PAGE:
Strampel was Nassar’s boss and publicly defended Nassar during a 2014 Title IX investigation into Nassar that went nowhere. Strampel even allowed Nassar to begin seeing patients again a month before the investigation was concluded.

Strampel did provide Nassar with a list of protocols, including not seeing underage patients alone and wearing gloves for sensitive procedures. He never informed patients or nurses in the office about the new standards, though, and never personally followed up. Nassar was allowed to operate on the honor system. Over a dozen women have come forward citing abuse since that time.

In a statement Monday, Michigan State acknowledged Strampel’s behavior was a longstanding problem but did not mention how he was able to get away with it, even 18 months after the Nassar scandal broke, presumably heightening sensitivity on campus to this type of behavior.

“Allegations have arisen that question whether [Strampel’s] personal conduct over a long period of time met MSU’s standards,” the statement said. “We are sending an unmistakable message that we will remove employees who do not treat students, faculty, staff or anyone else in our community in an appropriate manner.”

At this point, that’s too little, too late. Or really nothing at all. If Michigan State does have standards it’s clear no one was checking they were being followed.

Nassar, 54, is currently in a federal prison outside Tucson, Arizona, serving a 60-year term for child pornography. He was also sentenced to hundreds of years in state court in Michigan for sexual abuse. His sentencing hearings earlier this year featured over 150 women, parents and advocates – from famed Olympic gymnastics champions to local teen athletes – coming forward to address the court in a powerful statement against sexual abuse.

While many addressed Nassar directly, they also echoed cries for Michigan State and USA Gymnastics to be fully investigated. The Michigan Attorney General’s Office began that in January. Strampel is the first arrest.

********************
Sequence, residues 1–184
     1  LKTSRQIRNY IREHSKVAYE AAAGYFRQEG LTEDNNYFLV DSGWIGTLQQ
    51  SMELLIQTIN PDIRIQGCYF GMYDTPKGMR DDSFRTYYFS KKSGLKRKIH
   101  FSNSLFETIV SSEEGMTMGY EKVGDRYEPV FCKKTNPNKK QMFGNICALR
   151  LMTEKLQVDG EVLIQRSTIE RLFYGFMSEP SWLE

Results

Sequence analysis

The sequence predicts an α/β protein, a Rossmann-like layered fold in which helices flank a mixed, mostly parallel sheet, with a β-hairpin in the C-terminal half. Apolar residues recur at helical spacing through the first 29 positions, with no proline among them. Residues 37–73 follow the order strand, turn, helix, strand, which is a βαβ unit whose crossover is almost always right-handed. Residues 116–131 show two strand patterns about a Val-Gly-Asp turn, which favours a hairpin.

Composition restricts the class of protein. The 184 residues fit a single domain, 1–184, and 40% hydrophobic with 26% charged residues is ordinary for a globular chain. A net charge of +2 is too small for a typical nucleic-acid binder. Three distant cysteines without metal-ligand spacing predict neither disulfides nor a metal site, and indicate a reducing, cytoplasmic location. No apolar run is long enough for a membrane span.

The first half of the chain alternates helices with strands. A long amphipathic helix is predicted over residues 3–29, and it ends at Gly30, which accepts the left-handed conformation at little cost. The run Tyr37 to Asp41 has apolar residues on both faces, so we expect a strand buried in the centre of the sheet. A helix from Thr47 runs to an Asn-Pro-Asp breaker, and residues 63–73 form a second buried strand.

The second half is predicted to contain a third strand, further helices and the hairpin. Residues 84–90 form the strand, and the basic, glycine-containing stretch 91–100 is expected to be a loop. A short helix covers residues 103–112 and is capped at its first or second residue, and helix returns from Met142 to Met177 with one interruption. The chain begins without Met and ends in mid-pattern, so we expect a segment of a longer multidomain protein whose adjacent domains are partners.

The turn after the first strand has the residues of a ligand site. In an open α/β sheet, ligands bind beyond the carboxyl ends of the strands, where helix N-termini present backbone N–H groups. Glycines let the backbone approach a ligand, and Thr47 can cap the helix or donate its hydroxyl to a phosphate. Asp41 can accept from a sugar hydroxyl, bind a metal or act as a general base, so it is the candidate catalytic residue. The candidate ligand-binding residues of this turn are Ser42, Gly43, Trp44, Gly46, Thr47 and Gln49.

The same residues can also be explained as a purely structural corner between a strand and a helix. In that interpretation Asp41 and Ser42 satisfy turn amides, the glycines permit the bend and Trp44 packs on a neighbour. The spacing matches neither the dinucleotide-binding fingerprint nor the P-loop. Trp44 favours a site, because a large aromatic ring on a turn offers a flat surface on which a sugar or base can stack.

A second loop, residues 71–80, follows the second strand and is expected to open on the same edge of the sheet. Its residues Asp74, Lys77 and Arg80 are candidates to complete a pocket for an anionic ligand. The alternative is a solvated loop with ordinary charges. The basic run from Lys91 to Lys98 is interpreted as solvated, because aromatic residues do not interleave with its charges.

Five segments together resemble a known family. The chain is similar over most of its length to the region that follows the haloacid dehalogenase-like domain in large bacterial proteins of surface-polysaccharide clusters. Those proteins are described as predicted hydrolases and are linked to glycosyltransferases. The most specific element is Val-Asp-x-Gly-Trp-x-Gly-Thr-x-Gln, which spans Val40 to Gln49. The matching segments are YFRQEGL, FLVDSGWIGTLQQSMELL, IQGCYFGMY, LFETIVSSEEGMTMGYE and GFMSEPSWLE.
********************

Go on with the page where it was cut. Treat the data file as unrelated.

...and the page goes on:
Longtime president Lou Anna K. Simon resigned in January, in part for failing to bother showing up at the Nassar sentencing hearings other than a brief appearance after being shamed by victims and the media.

Her interim replacement, former Michigan Gov. John Engler, has tried to dig out of a massive hole but has been criticized by victims for dragging the school’s feet into mediation and trying to shift the story into a blame game against ESPN for bringing the school’s high-profile football and men’s basketball teams into the scandal. He recently declared that “students and taxpayers” are likely to end up footing the bill for settlements with Nassar’s victims.

“I am horrified and disgusted that this arrest came directly after MSU once again filed to dismiss all claims of liability for Larry’s ability to abuse women and children for decades, and directly after MSU President Engler chose to attack and even lie about Nassar survivors in his testimony before the Michigan senate committee last week,” Rachael Denhollander, a Nassar victim who was first to speak out publicly against the doctor, said in a statement.

“There is a reason Larry was able to perpetuate the worst sexual assault scandal in sports and campus history,” Denhollander continued. “We are seeing some of these reasons. We’ve been seeing them for 18 months. MSU continually refuses to acknowledge responsibility for a culture that allowed men like Larry and Strampel to abuse and harass with no consequences. Strampel should never have been left in a position of power and MSU should have acknowledged this failure immediately. Instead, they chose to attack us, and still have refused to take responsibility for any of the dynamics that lead to so many children being horrifically abused.”

Tuesday brought new details into how Larry Nassar was able to get away with it. His boss held a similar and unsympathetic view of women – untruthful, unimportant sex objects to be brought before powerful men so they can be exploited and abused.

It also opens the possibility that Nassar knew of Strampel’s misconduct and was able to blackmail him into leniency by threatening to expose him, too.

At this point in this sad, sorry story, nothing would surprise. Michigan State never made a true effort to look into the College of Osteopathic Medicine. The question now isn’t who knew what, but why more didn’t know something.

Not to mention how many other William Strampels, let alone Larry Nassars, are hiding in the darkness of East Lansing.

Read the entire complaint here: